Unarguably, Fiji’s history is incomplete without the girmit history.
The girmitiya history is not only for the descendants of the girmitiya, but for all Fijians, which should be looked upon with gratitude and compassion, as they laid the foundation of Fiji’s progressive future through their blood, sweat and tears. And yet, they have been cruelly denied their rightful place in Fiji’s early history, which even the successive governments, following independence, ignored.
However, the greatest blame and shame for it must go to the Indo-Fijian leaders of the past who not even once raised this serious anomaly at any public forum.
Disconnection from history
Successive generations of Indo-Fijians have grown in ignorance of their history so much so that the disconnection has created a mindset among some that our girmit history was unimportant and that they had nothing to gain from it!
This is the ultimate insult to the memory of the girmitiya when their descendants dishonour them. The gains that successive generations and, indeed, Fiji received is inestimable.
However, they are not to be fully blamed, as they are the victims of British design, which meant to disinherit them of their history.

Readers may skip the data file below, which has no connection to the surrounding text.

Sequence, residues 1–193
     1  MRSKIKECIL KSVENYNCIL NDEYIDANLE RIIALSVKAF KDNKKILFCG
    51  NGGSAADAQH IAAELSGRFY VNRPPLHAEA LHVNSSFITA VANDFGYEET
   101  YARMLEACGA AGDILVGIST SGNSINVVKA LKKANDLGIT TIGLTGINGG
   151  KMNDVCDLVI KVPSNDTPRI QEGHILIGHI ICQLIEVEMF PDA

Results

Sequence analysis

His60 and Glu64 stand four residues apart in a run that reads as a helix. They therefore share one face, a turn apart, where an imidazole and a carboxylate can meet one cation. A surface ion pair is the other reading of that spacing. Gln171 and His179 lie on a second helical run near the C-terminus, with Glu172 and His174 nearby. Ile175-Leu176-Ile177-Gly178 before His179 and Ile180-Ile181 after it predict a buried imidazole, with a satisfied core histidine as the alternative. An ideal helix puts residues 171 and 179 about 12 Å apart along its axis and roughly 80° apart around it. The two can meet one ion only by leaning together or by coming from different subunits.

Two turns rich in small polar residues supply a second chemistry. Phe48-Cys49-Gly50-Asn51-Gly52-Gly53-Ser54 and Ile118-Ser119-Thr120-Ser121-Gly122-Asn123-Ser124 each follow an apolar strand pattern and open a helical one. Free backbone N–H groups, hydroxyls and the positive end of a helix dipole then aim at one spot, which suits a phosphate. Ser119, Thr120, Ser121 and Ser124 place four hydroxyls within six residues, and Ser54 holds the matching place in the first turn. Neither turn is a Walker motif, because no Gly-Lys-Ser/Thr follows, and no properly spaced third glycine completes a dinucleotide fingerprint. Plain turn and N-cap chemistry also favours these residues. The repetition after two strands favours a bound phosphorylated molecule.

A nation’s gratitude
Fiji, as a nation, owes an enormous debt of gratitude to the girmitiya, which should be acknowledged not as a favour but as of right to assert their place in Fiji’s history and the Government must ensure that girmit history is taught in Fiji’s schools anduniversities.
Fiji’s history is missing a vital piece, which cannot and must not be ignored, as it belongs to all Fijians.
The voices of the oppressed and the suppressed must find utterance and echo through generations, eliminating the sanitised version of history written or excluded by the oppressor!
- RAJENDRA PRASAD is the former town clerk of Ba and author of Tears in Paradise – Suffering and Struggles of Indians in Fiji 1879-2004 (2004) and Enslaved in Paradise – A History of Mammoth Betrayals of Fijians by the British, Chiefs and Leaders of Fiji 1876-2006 (2018). The views expressed are that of the author’s and do not necessarily reflect the views of this newspaper.